Latest figures show an urgent need for inclusive growth
Robust economic growth in the first few years of the 21st century has helped reduce poverty worldwide. But new numbers show that the actual extent of deprivation in India and elsewhere is far greater than previously thought. This insight does not question the role of growth in improving livelihoods, but it spotlights the need for much greater inclusiveness in the growth process in the face of the scale of poverty. Sustained growth remains a high priority. But it is not just how fast a country grows; crucially, it is also how it grows. Widening gaps between the rich and the poor dampen the impact of growth on poverty. Countries such as Brazil or Mexico have historically had a much higher income inequality than India or Indonesia. But disparities have been rising in recent years in the large Asian countries, while they have been falling in major Latin American nations. The new poverty estimates from the World Bank incorporate the finding that living costs are actually higher than estimated before, reflected in a global poverty line of $1.25 a day. These calculations suggest that as of 2005 there were 1.4 billion people worldwide living in extreme poverty. One-third of them would be in India, signifying the largest number of poor compared to other countries — and even relative to the country’s own past by these measures. Rapid growth has helped reduce India’s percentage of people in poverty, though far slower than in East Asia. And when coupled with high population growth, the numbers of the poor, which is what matters, show an increase. What’s striking is how close to the poverty line tens of millions live in India, making for a large change in the poverty numbers from a small shift in the chosen threshold. Even modest shocks can push millions below the poverty line. How well do these poverty measures mirror deprivation and its changes? For one thing, they do not adequately reflect access to schooling, health care, water and sanitation, or other public services that mark people’s well-being. Nor do they capture crime and violence or environmental destruction, which are especially serious in low-income localities. Across countries, some of these attributes — especially those affecting the underprivileged — have improved in recent years, but others have taken a turn for the worse. But regardless of the precise numbers, the urgency is clear in India for achieving more inclusive growth. Experience across countries tells us that it is important to get at inequalities, but in ways that do not derail growth. In this respect, generating opportunities and jobs for the poorer segments of the population would seem to be the best way forward. Policy leaders and policy documents in India recognise the directions needed: the key would be to spur actions and achieve results. High on the agenda for greater inclusiveness would be actions to address disparities in education that contribute to large earning differentials. Compared to Korea or Russia, education inequalities are large in India or Indonesia. What matters, of course, are not only greater access to schooling, but also the relevance and quality of the education — and learning outcomes that determine its usefulness in the workplace and contribution to growth. Narrowing earning gaps also calls for efforts to address the growing skill differentials, worker mobility and the functioning of labour markets. A second issue concerns rural-urban and regional differences in incomes. Expansion of agricultural productivity, complemented by the construction of all-weather rural roads and rural electrification, would have important impacts on rural poverty. Systematic differences in income levels across states and sub-regions also merit attention. In China and India, the poorer states or provinces have, in general, grown slower than the richer ones, while it has been the other way around in some other middle- and high-income countries. A third policy area for inclusion involves improved ways to provide income support to the poor. Many countries have relied on the provision of subsidies for consumer items, but the programmes have seldom been well targeted or effective.On the other hand, conditional cash transfer programmes have looked promising. Mexico and Brazil provide cash support to poor families conditional on children attending school and going to clinics for check-ups. These approaches have shown encouraging results in reducing poverty today, and improving education and health that help sustain future growth. And then there is the new danger that is affecting all: climate change and natural disasters wreaking havoc in the lives of people, especially the poor who are most likely to be in harm’s way. The Indian Ocean tsunami left more than 10,000 people dead and about 5,600 missing in India alone. The fury of the Kosi river affected 2.5 million people in 1,600 villages in Bihar, and 70,000 people in the immediate shock in Nepal. If combating damages to the environment was once considered a diversion from growth, its neglect now represents a central threat to growth. The poverty data reminds us that it is not enough to grow, it is also vital that increasing numbers of people benefit from the growth. India can generate high growth with a far greater impact on poverty through policy actions. As it turns out, inclusive growth is not only key to social progress, it is indispensable to sustaining growth itself.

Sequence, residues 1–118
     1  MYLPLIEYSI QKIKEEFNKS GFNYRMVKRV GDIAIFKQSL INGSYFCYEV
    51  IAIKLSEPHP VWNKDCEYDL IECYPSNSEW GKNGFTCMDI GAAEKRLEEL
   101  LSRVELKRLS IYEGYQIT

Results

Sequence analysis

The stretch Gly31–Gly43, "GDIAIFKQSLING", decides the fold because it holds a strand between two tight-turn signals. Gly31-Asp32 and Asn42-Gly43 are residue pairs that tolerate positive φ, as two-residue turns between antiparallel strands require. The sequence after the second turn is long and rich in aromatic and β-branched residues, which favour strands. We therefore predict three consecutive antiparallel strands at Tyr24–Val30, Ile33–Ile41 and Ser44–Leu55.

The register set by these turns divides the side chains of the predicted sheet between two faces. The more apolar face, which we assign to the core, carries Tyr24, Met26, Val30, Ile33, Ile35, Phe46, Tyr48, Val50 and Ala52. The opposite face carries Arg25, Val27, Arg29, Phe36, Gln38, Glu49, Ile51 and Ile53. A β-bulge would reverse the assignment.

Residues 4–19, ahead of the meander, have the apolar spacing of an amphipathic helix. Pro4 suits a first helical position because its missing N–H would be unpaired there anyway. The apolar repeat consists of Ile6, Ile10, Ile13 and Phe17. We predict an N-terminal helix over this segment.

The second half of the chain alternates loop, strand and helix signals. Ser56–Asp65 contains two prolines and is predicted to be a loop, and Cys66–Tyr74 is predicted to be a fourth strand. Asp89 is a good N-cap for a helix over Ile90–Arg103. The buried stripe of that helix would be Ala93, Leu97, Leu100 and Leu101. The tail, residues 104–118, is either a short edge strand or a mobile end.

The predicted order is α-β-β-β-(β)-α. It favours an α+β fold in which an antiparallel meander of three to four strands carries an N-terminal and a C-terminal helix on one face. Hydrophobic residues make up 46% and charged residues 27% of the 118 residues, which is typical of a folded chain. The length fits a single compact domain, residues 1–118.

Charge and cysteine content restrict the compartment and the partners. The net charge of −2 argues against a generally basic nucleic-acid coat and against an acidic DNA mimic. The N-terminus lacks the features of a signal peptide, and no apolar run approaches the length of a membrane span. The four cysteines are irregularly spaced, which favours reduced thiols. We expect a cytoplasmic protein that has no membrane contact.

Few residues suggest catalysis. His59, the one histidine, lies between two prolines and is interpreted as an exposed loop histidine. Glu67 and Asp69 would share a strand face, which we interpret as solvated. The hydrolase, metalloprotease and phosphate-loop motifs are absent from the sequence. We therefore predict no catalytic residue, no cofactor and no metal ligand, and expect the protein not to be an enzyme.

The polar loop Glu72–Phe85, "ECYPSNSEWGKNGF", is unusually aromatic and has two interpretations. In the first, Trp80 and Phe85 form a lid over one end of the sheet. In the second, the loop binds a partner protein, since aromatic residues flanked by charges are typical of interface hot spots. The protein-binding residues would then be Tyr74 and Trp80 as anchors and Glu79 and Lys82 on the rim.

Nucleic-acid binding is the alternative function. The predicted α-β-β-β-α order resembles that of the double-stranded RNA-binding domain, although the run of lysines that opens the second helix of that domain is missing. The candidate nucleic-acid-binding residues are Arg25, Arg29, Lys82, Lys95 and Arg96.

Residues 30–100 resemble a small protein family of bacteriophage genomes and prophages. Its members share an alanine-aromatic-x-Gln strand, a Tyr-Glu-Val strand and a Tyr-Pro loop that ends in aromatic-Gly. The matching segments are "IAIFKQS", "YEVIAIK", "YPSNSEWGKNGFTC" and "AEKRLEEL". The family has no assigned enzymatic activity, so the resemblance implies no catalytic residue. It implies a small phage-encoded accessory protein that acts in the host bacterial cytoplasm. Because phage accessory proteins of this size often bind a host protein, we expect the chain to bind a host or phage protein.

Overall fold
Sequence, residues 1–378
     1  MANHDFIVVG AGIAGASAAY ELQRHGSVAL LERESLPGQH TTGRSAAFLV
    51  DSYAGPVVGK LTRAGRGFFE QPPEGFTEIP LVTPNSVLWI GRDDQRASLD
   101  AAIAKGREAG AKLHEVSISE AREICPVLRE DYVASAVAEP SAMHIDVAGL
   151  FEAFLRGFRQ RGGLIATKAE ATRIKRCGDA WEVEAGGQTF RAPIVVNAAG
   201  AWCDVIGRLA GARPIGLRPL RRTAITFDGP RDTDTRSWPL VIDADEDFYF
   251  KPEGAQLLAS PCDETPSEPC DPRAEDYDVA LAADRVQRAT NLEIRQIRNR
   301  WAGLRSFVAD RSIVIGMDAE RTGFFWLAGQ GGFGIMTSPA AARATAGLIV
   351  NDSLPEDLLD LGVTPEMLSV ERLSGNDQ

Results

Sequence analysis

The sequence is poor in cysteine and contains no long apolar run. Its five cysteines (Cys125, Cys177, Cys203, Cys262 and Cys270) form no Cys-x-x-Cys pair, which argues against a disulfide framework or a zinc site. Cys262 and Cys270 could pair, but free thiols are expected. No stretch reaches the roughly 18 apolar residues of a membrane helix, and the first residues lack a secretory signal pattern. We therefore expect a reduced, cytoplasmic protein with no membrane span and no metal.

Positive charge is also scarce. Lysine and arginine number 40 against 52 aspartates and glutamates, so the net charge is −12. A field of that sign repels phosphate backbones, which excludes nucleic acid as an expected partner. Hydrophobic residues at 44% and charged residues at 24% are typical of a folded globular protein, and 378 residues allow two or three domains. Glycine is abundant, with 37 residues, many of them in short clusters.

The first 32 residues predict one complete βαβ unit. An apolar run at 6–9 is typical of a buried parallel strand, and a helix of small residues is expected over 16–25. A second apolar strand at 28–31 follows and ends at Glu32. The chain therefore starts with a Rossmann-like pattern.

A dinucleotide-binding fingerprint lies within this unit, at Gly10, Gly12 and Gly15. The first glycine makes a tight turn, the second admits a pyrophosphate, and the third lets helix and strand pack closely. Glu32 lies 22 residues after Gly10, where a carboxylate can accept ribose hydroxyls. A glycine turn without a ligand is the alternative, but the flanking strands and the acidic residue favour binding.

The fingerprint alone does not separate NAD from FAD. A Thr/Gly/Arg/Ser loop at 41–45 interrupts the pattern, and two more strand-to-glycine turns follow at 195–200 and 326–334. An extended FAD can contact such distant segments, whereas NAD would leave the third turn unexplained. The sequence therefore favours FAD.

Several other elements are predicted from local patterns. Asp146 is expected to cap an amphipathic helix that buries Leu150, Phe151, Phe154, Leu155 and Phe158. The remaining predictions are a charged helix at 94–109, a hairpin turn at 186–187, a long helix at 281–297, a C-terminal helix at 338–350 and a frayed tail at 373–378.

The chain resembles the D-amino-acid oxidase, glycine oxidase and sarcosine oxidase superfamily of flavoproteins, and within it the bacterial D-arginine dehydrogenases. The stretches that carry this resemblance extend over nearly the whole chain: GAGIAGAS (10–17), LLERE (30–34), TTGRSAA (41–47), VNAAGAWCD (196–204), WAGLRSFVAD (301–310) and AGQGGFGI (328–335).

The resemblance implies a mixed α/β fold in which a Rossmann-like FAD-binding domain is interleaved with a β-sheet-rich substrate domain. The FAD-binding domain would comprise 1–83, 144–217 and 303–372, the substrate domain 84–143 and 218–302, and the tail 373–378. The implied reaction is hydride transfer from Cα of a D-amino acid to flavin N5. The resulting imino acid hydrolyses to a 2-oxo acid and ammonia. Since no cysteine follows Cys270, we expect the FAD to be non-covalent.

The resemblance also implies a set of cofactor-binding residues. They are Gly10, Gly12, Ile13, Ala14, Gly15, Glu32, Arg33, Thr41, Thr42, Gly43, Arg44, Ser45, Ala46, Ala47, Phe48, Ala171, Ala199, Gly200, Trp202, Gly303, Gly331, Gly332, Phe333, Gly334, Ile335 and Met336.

The writer is director-general, Independent Evaluation Group, World Bank. Views expressed are personal.